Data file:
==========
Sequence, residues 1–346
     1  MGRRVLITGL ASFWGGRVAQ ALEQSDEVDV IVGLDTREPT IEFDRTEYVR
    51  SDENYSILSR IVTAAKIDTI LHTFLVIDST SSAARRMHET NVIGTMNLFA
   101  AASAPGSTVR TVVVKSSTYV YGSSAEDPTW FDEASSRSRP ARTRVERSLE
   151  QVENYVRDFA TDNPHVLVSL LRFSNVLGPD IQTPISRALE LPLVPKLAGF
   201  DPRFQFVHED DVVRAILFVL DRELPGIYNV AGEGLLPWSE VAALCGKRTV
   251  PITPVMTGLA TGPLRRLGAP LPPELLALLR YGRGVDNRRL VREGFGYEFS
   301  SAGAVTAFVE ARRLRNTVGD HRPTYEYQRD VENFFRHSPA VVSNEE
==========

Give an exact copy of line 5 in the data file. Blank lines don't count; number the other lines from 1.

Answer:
   151  QVENYVRDFA TDNPHVLVSL LRFSNVLGPD IQTPISRALE LPLVPKLAGF